Study of the process and microbiological quality of Gappal, a fermented food from Burkina Faso based on milk and millet doughDownload PDF
Gappal is a traditional fermented food of Burkina Faso’s Fulani ethnic group, made with millet dough and milk and traditionally eaten in family. The aim of the present study was to characterize the process of Gappal production, to evaluate the good hygiene practices during production and to assess the microbiological quality of commercialized Gappal. For that, 21 Gappal producers from seven towns of Burkina Faso were surveyed. 106 samples of Gappal commercialized were collected and analysed for pH, titratable acidity, dry matter, total aerobic count, lactic acid bacteria, enterobacteria, yeasts and moulds, Staphylococcus aureus and Bacillus cereus counts. The main operation units of the process were found to be: winnowing, washing, dehulling, pounding and/or milling, milk addition, fermentation, drying and packaging. The microbial values varied from producer to another and 86.8% of samples were found to have acceptable quality whereas 13.2% of samples were not conforms to microbiological quality criteria. No sample was satisfactory quality. The fermentation of millet dough mixed to milk gives to Gappal interesting nutritional properties and the drying increase the availability and the preservation duration. However, the presence of germs able to produce toxins in Gappal increases the risk to consumer health.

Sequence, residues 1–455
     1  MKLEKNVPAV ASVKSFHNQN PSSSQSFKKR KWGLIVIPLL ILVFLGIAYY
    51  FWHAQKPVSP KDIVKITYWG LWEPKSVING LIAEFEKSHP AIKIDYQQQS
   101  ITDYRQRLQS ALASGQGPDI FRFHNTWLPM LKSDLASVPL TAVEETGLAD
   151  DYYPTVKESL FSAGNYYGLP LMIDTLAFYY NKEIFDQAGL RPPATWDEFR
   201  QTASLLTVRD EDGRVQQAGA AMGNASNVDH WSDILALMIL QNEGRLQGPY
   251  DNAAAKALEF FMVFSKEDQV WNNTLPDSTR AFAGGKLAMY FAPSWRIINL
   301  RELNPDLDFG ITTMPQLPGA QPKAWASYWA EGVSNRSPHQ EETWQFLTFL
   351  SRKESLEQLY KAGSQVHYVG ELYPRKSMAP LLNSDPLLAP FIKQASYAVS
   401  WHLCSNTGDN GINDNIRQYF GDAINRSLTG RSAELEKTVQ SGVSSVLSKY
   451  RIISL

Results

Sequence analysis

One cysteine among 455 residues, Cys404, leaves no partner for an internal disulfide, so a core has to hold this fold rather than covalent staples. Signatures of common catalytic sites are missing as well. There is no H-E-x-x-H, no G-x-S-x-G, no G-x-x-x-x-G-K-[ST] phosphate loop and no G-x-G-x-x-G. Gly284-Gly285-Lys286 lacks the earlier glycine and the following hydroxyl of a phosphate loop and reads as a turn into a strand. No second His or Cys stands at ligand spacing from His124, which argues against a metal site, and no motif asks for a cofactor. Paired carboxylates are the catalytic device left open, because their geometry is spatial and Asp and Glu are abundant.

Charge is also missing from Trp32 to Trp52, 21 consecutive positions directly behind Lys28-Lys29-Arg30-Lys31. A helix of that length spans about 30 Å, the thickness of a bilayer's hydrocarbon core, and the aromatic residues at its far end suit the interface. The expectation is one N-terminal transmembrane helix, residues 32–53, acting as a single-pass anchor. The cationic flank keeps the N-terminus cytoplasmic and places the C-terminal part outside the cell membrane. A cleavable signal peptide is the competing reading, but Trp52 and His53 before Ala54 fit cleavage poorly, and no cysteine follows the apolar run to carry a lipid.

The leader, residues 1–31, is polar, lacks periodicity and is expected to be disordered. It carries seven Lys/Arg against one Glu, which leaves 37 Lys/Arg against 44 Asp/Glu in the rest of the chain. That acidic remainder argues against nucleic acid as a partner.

Keywords: Gappal, Process, Fermentation, Quality, Microbiology, Burkina Faso